“Can I pray for you?” It’s a question I am often asked. Just once I’d like to say “no”.

I preach and teach at a lot of different churches and there is always someone moved by the sight of my Parkinsons driven tremors to seek me out to pray with me. Some are very confident, others are very nervous. They have often just completed a course on healing prayer and their approach is an act of stepping out in faith. They always have the best intentions. We find a quiet place and they pray. Man, do they pray. Always for healing. Always with great conviction.

It’s quite touching and a lovely expression of faith. So I always try to receive it with the goodwill with which it is intended.

But I do wonder if people consider that it may be quite discouraging to have a continual stream of people praying fervently for your healing and to remain unhealed. I am pretty comfortable with the knowledge that God may heal me and that he may not, and that if probabilities are anything to go by it’s likely “not”. I am content with the knowledge that whether healed or not my condition  will be an opportunity for growth I would otherwise have missed out on. So I am not distressed by those who claim the authority to cast out my disease in the name of Jesus, but what about those who are?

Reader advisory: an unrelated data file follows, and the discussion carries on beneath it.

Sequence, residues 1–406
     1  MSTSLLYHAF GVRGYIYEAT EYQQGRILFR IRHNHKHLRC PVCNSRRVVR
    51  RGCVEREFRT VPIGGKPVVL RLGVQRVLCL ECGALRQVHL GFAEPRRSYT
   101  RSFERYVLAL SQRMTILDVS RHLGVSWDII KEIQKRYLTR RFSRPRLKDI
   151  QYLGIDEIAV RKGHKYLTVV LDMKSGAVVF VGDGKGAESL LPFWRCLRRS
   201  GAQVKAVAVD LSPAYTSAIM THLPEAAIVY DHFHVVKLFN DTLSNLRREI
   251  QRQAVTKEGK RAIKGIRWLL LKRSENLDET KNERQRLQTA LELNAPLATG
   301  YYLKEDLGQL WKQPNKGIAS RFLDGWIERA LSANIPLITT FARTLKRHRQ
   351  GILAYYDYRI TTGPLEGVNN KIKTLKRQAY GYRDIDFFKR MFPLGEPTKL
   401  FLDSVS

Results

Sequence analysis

So here’s my request. Pray for me. By all means pray for me. Approach me and ask if you can pray with me. I mean that. It’s a wonderful expression of care. But pray carefully. Please don’t command the disease to leave my body (it’s a cellular dysfunction – it can’t hear you or obey you). Please don’t claim God’s healing power over me (be honest about the fact that God rarely heals major diseases, although he does seem to be good with sore backs and necks). Rather pray for God’s grace to be manifest in my life, to make me more like Jesus. Acknowledge that you don’t know whether God will heal me this side of eternity, that it’d be great if he did, but that whether healed now or in the kingdom that I might know his goodness and strength to live the life he has called me to. And be aware that one day when you ask if you can pray with me I just might say no. It won’t be anything personal. Indeed I hope you will pray for me when you get home.  It will just be that I may grow weary of being prayed for all the time. Not very spiritual I know, but I am only human.


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